2018 is a "tick summer"

Researchers warn: number of ticks reached record levels this year

There are a particularly high number of ticks this summer, which increases the risk of the diseases they transmit. © Schlegelphotos / iStock
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Attention bloodsuckers: This summer there are a particularly large number of ticks - as never before in the last ten years, as researchers have determined. The extreme "tick-summer" increases the risk of being bitten by these bloodsuckers. Thus, the transmission of diseases such as meningitis or Lyme disease is increasingly possible. On average, every fourth tick in Germany carries the pathogens of Lyme disease in itself.

There are around 20 types of ticks here in Germany - and they are currently active in summer. On grasses, bushes or other undergrowth they wait for their prey - mostly smaller mammals, but also dogs, cats or us humans. If the tick reaches the skin, it bites and sucks blood. She gives some of the blood mixed with her saliva back - and this is where danger threatens. Because especially the common wood buck (Ixodes ricinus) can transmit with us the viral causative agents of the tick-borne encephalitis (TBE), as well as the bacterial Lyme borreliosis.

More than in the last ten years

Tick ​​researchers now report that this summer will be particularly ticks. "Overall, the risk is particularly high this year, " says Gerhard Dobler of the German Center for Infection Research. "We will have the highest number of ticks in the last decade." Based on their predictive models and regular sampling, researchers predict that by 2018, 443 ticks per standardized area.

"We have the highest number of ticks we have collected since the beginning of the study - good for the ticks, bad for us, " says Dobler. For comparison: in 2017 there were only 180 ticks on the same area. For walkers and those who are in the green, this means: After each stay in the open air, carefully search to find and remove ticks before the bite. For a long time, trousers stuffed in the stockings make it harder for the bloodsuckers to get to the skin.

Our most common tick is Ixodes ricinus - also known as the common wood buck © thinkstock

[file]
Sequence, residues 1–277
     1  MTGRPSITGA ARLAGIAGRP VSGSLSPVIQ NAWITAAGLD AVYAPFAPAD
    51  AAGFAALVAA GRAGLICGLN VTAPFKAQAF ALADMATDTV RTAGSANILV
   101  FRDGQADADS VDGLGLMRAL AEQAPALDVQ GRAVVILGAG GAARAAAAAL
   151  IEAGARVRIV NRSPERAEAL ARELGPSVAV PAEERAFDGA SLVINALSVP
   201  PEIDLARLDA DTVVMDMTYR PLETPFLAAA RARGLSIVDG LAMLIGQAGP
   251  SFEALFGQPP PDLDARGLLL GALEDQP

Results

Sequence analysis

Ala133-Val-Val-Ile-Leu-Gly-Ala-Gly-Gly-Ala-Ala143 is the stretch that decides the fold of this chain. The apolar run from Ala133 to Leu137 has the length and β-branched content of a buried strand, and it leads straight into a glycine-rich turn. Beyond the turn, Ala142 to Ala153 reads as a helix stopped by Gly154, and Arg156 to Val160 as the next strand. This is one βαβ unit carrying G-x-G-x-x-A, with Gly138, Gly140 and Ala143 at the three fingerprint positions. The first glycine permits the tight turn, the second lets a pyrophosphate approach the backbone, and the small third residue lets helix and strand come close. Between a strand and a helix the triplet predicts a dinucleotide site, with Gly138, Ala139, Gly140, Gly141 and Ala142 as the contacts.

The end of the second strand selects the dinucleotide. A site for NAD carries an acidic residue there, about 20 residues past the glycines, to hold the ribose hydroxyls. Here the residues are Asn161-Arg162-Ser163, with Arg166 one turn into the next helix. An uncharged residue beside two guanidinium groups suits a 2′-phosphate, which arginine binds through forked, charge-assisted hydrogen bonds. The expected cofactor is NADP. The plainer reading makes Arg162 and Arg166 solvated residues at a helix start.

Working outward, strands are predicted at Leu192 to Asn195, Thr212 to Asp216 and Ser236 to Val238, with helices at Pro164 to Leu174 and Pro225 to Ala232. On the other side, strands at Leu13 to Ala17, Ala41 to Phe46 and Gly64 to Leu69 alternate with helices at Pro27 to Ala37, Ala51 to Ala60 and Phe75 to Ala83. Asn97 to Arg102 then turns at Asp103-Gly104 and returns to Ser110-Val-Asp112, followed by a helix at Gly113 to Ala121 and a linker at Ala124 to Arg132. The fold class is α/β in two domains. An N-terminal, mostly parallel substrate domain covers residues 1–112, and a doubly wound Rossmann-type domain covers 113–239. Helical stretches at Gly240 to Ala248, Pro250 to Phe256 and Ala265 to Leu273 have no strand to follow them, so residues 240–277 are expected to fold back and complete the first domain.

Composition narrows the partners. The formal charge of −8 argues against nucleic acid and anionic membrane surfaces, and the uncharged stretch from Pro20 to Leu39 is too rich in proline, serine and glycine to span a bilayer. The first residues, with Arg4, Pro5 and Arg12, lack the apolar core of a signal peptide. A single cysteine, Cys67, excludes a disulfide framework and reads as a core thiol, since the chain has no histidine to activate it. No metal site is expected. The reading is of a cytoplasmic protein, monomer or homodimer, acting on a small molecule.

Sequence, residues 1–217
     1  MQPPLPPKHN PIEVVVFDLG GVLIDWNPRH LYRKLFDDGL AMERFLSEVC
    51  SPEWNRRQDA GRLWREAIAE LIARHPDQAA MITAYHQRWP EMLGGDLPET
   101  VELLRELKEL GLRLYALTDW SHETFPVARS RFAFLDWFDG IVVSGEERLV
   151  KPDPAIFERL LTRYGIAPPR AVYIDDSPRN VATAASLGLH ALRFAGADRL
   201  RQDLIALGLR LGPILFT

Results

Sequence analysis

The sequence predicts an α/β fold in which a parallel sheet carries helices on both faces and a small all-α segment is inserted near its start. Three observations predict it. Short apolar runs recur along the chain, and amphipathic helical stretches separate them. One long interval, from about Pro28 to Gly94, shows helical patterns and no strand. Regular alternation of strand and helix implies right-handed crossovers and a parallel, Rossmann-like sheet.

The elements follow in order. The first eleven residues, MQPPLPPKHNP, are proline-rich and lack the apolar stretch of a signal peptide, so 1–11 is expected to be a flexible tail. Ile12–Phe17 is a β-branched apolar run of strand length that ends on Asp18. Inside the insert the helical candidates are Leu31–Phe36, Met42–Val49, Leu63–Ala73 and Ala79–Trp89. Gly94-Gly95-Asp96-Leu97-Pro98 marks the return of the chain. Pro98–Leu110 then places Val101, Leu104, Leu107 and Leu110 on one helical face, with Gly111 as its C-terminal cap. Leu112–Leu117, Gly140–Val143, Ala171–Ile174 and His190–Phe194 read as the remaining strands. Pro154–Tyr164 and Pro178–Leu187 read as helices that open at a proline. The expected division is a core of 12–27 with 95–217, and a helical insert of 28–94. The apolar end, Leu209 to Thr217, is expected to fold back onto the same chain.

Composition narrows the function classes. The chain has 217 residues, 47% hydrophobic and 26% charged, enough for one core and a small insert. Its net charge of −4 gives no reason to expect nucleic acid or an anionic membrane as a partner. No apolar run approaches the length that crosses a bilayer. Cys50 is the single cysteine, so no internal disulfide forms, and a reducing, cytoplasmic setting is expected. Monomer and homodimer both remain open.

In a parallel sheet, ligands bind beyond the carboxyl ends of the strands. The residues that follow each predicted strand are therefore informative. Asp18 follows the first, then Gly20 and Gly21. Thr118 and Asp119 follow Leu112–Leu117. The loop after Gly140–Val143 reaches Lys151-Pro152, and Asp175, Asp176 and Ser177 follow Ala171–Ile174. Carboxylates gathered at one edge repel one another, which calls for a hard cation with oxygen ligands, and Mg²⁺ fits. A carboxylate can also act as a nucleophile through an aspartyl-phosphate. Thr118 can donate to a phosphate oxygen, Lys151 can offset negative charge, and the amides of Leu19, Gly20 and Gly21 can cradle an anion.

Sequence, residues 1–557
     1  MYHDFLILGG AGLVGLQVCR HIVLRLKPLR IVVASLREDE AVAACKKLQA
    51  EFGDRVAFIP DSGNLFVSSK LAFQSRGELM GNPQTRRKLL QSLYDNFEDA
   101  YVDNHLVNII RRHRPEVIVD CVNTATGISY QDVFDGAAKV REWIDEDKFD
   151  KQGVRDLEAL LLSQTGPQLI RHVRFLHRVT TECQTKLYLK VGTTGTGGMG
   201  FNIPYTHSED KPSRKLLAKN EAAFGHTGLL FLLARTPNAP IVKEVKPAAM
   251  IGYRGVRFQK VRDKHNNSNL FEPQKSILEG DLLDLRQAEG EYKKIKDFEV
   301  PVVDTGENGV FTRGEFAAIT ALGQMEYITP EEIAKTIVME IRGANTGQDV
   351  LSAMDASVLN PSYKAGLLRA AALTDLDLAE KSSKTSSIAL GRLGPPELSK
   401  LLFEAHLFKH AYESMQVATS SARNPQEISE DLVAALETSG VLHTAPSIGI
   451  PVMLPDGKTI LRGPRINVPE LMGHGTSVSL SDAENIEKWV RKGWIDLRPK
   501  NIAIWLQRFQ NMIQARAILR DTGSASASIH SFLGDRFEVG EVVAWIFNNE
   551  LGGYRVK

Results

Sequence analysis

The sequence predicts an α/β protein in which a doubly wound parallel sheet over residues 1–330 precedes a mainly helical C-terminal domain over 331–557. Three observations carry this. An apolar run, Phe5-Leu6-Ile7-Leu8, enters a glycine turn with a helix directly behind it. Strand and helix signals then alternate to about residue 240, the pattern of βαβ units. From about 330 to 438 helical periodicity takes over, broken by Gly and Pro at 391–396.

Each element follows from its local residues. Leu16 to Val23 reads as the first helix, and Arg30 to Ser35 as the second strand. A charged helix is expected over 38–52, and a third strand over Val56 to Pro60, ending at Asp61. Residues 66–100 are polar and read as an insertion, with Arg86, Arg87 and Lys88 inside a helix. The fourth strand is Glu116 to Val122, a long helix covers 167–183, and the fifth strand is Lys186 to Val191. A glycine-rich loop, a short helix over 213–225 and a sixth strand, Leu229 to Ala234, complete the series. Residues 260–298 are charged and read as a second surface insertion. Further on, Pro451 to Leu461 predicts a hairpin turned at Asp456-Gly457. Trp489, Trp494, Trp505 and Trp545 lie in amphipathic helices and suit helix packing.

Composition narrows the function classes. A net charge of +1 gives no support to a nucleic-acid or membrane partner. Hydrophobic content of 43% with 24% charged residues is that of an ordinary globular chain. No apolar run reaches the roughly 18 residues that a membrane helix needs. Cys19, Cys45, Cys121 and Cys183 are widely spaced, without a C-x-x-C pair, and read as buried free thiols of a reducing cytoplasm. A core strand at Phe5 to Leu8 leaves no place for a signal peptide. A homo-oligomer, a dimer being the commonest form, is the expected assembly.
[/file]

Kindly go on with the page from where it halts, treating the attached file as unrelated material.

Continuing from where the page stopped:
Causes: Mild winter and beekeeping mast

The reason for the tickle flood is a combination of several factors, as the researchers explain. One are mild winters. They promote the activity and prosperity of the bloodsuckers. In addition, as a result of climate change, we can now also find more southern species of ticks in Germany. At the same time, the risk areas for FSME meningitis continue to shift northward. display

The second factor is the beechnut mast: Studies show that two years after a particularly beechnut-rich autumn, especially many ticks occur. Because the abundance of small tree mammals increases the number of smaller mammals, the ticks find particularly high prey in the following years and multiply rapidly. 2016 was such a beechnut year and this year we get the tick receipt for it.

Risk for Lyme disease and TBE

The danger: When biting ticks, two very different diseases can be transmitted. Lyme disease is common in Germany on average every fourth tick carries the bacteria in itself. There is no vaccine against this disease, but it can be treated with antibiotics. Warning signs of an infection may be a warning around the bite site and after a few days flu-like symptoms. If the borreliosis is not recognized, it can lead to paralysis, joint pain and heart problems.

Regionally, however, the risk is very different for the second disease transmitted by ticks: the early summer meningoencephalitis (TBE). There is no effective remedy for this viral meningitis, but there is a protective vaccine. TBE risk areas are mainly in southern Germany, but with climate change the danger zone is gradually spreading northwards.

To prevent the danger of meningitis, one should get vaccinated, so the appeal of the scientists. Especially in southern Germany, where the density of virus-infected ticks is higher.

(German Center for Infection Research, 29.06.2018 - NPO)